US Embassy Rwanda Remembers 25 FSNs Killed in the 1994 Genocide

On April 12, 2012, the US Embassy in Kigali, Rwanda had its 18th Genocide Commemoration for the 25 Foreign Service National (FSN) employees of the U.S. Embassy and USAID who were killed in the 1994 Rwanda Genocide. During this annual occasion, the Embassy staff in Kigali meets with the orphans and members of the families of the fallen employees who lost their lives in 1994.

US Embassy staff with Genocide orphans and members of the families of embassy employees who perished during the 1994 Rwanda Genocide
(Photo from US Embassy Rwanda taken during the April 14, 2010 memorial ceremony).

Below is an excerpt from the April 12 remarks by Ambassador Donald Koran:

We are here to share, as a community, our sorrow, our memories, and our losses, and we are here to gain strength from our colleagues and friends.  We are not here to dwell on the past, but to pay our respects to those who are no longer with us, and to honor those who remain with us today.  Our thoughts and support go out to the families of our fallen colleagues, to the orphans, widows and widowers.  And to those colleagues who worked at their side.  We offer you our gratitude.

As I tried to prepare for today, I found it difficult to think of what I could say to you.  I can’t presume to even begin to understand the magnitude of the losses you suffered, or of your feelings today, 18 years after this unimaginable tragedy.  What I can offer, however, is one outsider’s perspective on the amazing renaissance I see in you.  I have seen how much you have accomplished in such a short time.  I think it is fitting that the theme of this year’s commemoration is “to learn from history to shape a bright future.”  I can see this bright future today, in a way that I did not yet see it 10 years ago when I last served here.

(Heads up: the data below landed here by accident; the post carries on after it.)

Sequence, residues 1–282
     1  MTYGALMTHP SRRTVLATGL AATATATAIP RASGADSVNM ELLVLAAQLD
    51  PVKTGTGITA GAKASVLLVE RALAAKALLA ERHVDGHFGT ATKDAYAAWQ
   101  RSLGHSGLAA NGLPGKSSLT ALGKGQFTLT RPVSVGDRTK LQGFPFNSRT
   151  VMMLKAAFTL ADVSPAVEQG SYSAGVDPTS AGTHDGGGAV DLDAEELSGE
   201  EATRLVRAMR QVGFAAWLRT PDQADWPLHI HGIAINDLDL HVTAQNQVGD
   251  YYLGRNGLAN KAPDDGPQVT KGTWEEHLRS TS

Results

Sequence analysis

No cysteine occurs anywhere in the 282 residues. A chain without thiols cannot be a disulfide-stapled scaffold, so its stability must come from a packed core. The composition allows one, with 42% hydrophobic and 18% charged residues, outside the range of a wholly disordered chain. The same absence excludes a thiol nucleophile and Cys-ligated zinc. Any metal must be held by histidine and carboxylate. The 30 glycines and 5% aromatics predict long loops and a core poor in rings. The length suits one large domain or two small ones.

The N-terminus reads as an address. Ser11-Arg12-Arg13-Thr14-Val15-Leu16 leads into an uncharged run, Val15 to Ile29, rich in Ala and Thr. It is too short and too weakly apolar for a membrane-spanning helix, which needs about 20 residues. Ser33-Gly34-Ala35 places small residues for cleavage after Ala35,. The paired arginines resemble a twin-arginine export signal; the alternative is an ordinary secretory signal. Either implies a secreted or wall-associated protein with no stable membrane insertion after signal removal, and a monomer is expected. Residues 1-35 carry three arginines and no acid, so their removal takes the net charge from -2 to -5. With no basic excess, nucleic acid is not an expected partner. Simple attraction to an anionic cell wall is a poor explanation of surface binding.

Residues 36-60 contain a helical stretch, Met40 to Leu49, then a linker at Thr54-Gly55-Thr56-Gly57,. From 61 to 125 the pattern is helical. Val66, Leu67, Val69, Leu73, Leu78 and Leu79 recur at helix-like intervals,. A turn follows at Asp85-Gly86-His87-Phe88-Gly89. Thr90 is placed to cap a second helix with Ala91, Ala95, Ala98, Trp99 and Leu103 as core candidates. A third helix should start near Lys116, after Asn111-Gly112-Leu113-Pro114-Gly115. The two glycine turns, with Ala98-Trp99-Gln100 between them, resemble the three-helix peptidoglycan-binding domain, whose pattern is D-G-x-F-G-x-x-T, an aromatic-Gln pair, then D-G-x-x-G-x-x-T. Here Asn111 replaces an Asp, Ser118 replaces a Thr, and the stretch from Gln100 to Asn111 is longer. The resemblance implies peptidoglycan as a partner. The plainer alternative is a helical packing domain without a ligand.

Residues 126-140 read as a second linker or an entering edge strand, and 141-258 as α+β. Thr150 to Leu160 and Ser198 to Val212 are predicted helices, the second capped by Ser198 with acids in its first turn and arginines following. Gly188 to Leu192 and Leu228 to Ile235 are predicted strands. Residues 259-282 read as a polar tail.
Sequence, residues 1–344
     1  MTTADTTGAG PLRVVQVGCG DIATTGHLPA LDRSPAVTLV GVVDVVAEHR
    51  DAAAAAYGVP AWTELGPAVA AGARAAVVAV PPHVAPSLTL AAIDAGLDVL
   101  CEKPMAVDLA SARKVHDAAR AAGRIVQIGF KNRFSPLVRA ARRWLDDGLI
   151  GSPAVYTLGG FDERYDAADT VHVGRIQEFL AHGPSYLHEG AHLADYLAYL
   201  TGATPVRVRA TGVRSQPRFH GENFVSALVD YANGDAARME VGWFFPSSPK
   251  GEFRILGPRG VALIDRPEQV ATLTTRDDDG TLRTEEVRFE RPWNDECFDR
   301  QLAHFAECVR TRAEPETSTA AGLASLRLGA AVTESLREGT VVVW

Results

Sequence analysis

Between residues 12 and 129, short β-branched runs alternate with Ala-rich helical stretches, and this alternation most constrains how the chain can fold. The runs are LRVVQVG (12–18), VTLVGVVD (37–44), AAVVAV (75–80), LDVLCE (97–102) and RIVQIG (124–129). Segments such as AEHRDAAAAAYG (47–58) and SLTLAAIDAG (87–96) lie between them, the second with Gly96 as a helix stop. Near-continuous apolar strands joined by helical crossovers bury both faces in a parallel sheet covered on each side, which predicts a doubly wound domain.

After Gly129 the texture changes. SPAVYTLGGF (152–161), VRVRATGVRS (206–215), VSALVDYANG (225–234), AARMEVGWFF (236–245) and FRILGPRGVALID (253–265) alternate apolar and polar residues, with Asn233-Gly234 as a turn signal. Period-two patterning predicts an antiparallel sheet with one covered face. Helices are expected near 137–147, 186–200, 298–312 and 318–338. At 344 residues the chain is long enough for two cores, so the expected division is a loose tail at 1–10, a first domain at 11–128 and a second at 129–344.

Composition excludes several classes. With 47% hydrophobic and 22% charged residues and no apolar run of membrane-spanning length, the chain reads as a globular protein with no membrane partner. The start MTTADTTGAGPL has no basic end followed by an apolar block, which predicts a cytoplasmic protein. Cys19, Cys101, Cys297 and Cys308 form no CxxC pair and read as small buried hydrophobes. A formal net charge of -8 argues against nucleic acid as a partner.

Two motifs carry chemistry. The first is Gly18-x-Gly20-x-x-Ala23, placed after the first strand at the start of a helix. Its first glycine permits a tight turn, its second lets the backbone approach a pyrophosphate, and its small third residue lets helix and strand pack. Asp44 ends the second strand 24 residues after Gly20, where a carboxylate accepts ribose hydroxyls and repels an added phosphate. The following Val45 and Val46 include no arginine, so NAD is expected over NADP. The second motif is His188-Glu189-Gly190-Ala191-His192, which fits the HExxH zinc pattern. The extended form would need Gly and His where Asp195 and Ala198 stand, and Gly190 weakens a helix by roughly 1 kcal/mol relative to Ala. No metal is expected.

Let me speak now to the young men and women here today who are the children of our Embassy colleagues, whose parents were felled in the genocide.  Your drive and determination, and your desire to move forward and live strong, meaningful lives is your personal victory against the shadows of the past.  It is a victory for all Rwandans who share the dream of an enduring peace.  You are the foundation of the bright future  that all Rwandans seek.  Some of you are still pursuing your studies, others have already graduated.   I salute you for your resolve to be the generation that fashions a new Rwanda for yourselves and for the generations that come after you.

The United States supports your commitment, and the commitment of everyone here, to build a Rwanda where peace, stability and prosperity reign.  I can think of no more fitting way to honor those lost in Rwanda 18 years ago, and to pay tribute to the survivors.  All Rwandans, no matter where you were in 1994, lost something in those horrible 100 days.  But here you are.  You  are a testimony to the resilience of the human spirit.

Read in full here.

An OIG report indicates there were over 38,000 FSNs/LE staff members working for the Department overseas in 2007.  A more recent number puts the State Department total workforce number at over 66,000, including foreign service, civil service, and locally employed staff (LE staff) worldwide.  As of September 30, 2010, Foreign Service Nationals or Locally employed staff  (LES) composed 56% of the State Department’s total workforce (via GAO).